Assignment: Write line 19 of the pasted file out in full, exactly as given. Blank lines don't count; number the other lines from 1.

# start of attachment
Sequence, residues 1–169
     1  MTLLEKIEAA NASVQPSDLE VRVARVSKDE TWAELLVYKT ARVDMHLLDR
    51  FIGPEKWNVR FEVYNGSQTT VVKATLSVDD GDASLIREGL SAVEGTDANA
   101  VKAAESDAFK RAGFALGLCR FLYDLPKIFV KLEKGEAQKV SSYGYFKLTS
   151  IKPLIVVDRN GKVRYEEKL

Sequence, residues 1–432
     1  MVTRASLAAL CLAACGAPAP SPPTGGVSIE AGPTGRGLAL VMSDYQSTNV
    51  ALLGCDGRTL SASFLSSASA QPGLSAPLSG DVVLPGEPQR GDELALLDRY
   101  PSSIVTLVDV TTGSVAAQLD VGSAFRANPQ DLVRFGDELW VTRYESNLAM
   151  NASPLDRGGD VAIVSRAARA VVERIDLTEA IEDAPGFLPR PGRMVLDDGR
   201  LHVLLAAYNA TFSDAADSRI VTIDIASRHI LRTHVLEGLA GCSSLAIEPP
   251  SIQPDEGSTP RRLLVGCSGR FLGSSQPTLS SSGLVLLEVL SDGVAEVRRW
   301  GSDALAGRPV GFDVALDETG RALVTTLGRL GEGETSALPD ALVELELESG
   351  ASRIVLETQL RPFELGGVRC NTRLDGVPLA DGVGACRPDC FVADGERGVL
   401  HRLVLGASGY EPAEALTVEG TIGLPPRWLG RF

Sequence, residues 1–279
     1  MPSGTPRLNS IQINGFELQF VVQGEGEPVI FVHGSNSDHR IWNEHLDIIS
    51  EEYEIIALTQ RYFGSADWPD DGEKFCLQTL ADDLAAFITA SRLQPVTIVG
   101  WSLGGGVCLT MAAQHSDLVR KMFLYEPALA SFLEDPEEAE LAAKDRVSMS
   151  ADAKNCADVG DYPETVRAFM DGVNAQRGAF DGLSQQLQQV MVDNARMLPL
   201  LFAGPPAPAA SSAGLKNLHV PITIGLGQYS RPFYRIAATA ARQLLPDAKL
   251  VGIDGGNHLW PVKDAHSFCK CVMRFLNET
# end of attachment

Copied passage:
   101  WSLGGGVCLT MAAQHSDLVR KMFLYEPALA SFLEDPEEAE LAAKDRVSMS